Navigate Up

Cancer Center - A-Z Index

#
Q
Y

Print This Page

Hyperaldosteronism - primary and secondary

Hyperaldosteronism is a disorder in which the adrenal gland releases too much of the hormone aldosterone  into the blood.

Hyperaldosteronism can be primary or secondary.

Alternative Names

Conn syndrome; Mineralocorticoid excess

Causes

Primary hyperaldosteronism is due to a problem of the adrenal glands themselves, causing them to release too much aldosterone. In contrast, with secondary hyperaldosteronism, the adrenal glands release too much aldosterone as a result of a problem elsewhere in the body. These problems can be with genes, diet, or a medical disorder such as with the heart, liver, kidneys, or high blood pressure.

Most cases of primary hyperaldosteronism are caused by a noncancerous (benign) tumor of the adrenal gland. The condition is most common in people 30 to 50 years old.

Symptoms

Primary and secondary hyperaldosteronism have common symptoms, including:

Exams and Tests

Tests that may be ordered to diagnose hyperaldosteronism include:

A procedure to insert a catheter into the veins of the adrenal glands may need to be done. This helps check which of the two adrenal glands is making too much aldosterone.

This disease may also affect the results of the following tests:

Treatment

Primary hyperaldosteronism caused by an adrenal gland tumor is usually treated with surgery. It can sometimes be treated with medicines. Removing the adrenal tumor may control the symptoms. Even after surgery, some people still have high blood pressure and need to take medicine. But often, the number of medicines or doses can be lowered.

Limiting how much salt intake and taking medicine may control the symptoms without surgery. Medicines to treat hyperaldosteronism include:

  • Drugs that block the action of aldosterone
  • Diuretics (water pills), which help manage fluid buildup in the body

Secondary hyperaldosteronism is treated with medicines (as described above) and limiting salt intake. Surgery is not used.

Outlook (Prognosis)

The outlook for primary hyperaldosteronism is good with early diagnosis and treatment.

The outlook for secondary hyperaldosteronism depends on the cause of the condition.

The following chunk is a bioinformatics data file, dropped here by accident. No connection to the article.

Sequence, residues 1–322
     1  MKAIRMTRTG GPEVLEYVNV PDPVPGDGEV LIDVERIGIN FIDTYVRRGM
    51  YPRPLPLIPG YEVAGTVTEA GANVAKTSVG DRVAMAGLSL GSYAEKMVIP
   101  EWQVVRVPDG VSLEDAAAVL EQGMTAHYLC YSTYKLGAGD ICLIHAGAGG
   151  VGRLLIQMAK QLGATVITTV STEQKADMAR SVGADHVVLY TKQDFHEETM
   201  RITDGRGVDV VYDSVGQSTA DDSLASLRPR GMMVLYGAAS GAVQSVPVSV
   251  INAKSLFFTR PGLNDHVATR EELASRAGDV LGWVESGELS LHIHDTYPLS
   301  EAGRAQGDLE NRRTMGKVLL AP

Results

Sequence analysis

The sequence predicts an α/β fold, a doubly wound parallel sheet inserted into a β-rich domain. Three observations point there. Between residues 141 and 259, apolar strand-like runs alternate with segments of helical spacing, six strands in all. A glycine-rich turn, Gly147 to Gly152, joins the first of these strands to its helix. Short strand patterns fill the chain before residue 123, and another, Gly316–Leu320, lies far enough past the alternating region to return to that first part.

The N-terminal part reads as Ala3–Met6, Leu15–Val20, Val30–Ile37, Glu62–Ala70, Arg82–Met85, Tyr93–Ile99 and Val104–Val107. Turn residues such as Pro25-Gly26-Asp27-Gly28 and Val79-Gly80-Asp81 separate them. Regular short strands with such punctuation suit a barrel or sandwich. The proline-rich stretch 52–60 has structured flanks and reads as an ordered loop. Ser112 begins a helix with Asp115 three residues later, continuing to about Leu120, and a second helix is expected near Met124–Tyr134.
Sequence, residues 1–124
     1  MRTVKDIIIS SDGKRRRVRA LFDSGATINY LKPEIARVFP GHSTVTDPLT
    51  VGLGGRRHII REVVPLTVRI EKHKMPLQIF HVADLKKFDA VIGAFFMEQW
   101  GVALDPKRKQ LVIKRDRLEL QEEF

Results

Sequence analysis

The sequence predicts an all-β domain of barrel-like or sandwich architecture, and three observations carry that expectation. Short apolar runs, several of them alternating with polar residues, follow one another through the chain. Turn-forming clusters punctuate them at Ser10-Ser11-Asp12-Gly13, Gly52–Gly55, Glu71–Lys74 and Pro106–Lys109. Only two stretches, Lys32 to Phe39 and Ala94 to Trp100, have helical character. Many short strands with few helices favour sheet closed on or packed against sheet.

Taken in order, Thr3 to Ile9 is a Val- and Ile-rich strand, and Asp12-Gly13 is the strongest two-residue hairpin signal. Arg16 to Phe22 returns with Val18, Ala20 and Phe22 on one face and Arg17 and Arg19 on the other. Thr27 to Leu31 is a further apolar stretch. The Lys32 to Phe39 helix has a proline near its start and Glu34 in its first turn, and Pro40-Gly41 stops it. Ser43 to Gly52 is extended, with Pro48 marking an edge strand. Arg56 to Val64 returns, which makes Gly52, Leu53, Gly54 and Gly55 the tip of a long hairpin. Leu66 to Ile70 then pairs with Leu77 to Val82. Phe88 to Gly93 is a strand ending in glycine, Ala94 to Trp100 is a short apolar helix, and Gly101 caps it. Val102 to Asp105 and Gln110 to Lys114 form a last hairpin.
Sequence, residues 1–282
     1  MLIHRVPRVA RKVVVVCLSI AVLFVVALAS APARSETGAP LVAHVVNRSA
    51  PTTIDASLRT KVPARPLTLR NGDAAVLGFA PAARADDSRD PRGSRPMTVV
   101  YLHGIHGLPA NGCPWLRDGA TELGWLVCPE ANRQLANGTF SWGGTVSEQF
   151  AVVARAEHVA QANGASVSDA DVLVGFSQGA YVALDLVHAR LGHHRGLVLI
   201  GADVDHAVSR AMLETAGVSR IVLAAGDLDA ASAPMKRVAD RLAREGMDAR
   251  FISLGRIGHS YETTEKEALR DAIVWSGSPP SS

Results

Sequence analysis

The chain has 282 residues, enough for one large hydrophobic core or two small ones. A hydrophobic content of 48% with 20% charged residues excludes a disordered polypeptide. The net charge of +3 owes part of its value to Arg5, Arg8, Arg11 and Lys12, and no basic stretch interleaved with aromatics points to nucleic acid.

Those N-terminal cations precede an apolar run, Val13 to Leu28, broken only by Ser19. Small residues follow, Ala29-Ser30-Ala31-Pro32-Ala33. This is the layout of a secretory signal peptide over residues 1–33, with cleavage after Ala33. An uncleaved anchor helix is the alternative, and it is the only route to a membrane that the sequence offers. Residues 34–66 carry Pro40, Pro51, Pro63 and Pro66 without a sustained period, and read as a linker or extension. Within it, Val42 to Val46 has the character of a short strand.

Possible Complications

Impotence and gynecomastia (enlarged breasts in men) may occur with long-term use of medicines. But this is uncommon.

When to Contact a Medical Professional

Call for an appointment with your health care provider if you develop symptoms of hyperaldosteronism.

References

Ioachimescu AG, Hamrahian AH. Diseases of the adrenal gland. In: Cleveland Clinic: Current Clinical Medicine. 2nd ed. Elsevier Saunders; 2010:sec 4.

Nieman LK. Adrenal cortex. In: In: Goldman L, Schafer AI, eds. Goldman's Cecil Medicine. 24th ed. Philadelphia, Pa: Elsevier Saunders; 2011:chap 234.

Updated: 8/1/2013

Brent Wisse, MD, Associate Professor of Medicine, Division of Metabolism, Endocrinology & Nutrition, University of Washington School of Medicine. Also reviewed by David Zieve, MD, MHA, Bethanne Black, and the A.D.A.M. Editorial team.


©  UPMC | Affiliated with the University of Pittsburgh Schools of the Health Sciences
Supplemental content provided by A.D.A.M. Health Solutions. All rights reserved.

For help in finding a doctor or health service that suits your needs, call the UPMC Referral Service at 412-647-UPMC (8762) or 1-800-533-UPMC (8762). Select option 1.

UPMC is an equal opportunity employer. UPMC policy prohibits discrimination or harassment on the basis of race, color, religion, ancestry, national origin, age, sex, genetics, sexual orientation, marital status, familial status, disability, veteran status, or any other legally protected group status. Further, UPMC will continue to support and promote equal employment opportunity, human dignity, and racial, ethnic, and cultural diversity. This policy applies to admissions, employment, and access to and treatment in UPMC programs and activities. This commitment is made by UPMC in accordance with federal, state, and/or local laws and regulations.

Medical information made available on UPMC.com is not intended to be used as a substitute for professional medical advice, diagnosis, or treatment. You should not rely entirely on this information for your health care needs. Ask your own doctor or health care provider any specific medical questions that you have. Further, UPMC.com is not a tool to be used in the case of an emergency. If an emergency arises, you should seek appropriate emergency medical services.

For UPMC Mercy Patients: As a Catholic hospital, UPMC Mercy abides by the Ethical and Religious Directives for Catholic Health Care Services, as determined by the United States Conference of Catholic Bishops. As such, UPMC Mercy neither endorses nor provides medical practices and/or procedures that contradict the moral teachings of the Roman Catholic Church.

© UPMC
Pittsburgh, PA, USA UPMC.com